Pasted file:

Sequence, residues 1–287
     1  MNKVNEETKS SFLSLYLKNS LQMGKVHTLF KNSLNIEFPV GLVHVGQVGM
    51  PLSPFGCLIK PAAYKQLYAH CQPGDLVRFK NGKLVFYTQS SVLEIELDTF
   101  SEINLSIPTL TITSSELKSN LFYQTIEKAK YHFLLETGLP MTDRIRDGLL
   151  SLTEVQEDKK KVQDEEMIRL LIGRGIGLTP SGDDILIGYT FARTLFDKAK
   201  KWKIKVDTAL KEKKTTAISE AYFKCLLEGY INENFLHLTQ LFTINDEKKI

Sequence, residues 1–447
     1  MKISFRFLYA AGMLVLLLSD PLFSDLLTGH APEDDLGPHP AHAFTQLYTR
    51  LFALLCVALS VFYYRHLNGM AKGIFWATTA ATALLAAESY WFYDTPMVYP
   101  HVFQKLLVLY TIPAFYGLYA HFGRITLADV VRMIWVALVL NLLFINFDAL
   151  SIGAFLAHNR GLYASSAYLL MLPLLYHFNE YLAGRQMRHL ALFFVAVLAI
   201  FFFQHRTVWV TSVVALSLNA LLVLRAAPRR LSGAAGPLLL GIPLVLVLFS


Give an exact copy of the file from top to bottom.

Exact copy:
Sequence, residues 1–287
     1  MNKVNEETKS SFLSLYLKNS LQMGKVHTLF KNSLNIEFPV GLVHVGQVGM
    51  PLSPFGCLIK PAAYKQLYAH CQPGDLVRFK NGKLVFYTQS SVLEIELDTF
   101  SEINLSIPTL TITSSELKSN LFYQTIEKAK YHFLLETGLP MTDRIRDGLL
   151  SLTEVQEDKK KVQDEEMIRL LIGRGIGLTP SGDDILIGYT FARTLFDKAK
   201  KWKIKVDTAL KEKKTTAISE AYFKCLLEGY INENFLHLTQ LFTINDEKKI

Sequence, residues 1–447
     1  MKISFRFLYA AGMLVLLLSD PLFSDLLTGH APEDDLGPHP AHAFTQLYTR
    51  LFALLCVALS VFYYRHLNGM AKGIFWATTA ATALLAAESY WFYDTPMVYP
   101  HVFQKLLVLY TIPAFYGLYA HFGRITLADV VRMIWVALVL NLLFINFDAL
   151  SIGAFLAHNR GLYASSAYLL MLPLLYHFNE YLAGRQMRHL ALFFVAVLAI
   201  FFFQHRTVWV TSVVALSLNA LLVLRAAPRR LSGAAGPLLL GIPLVLVLFS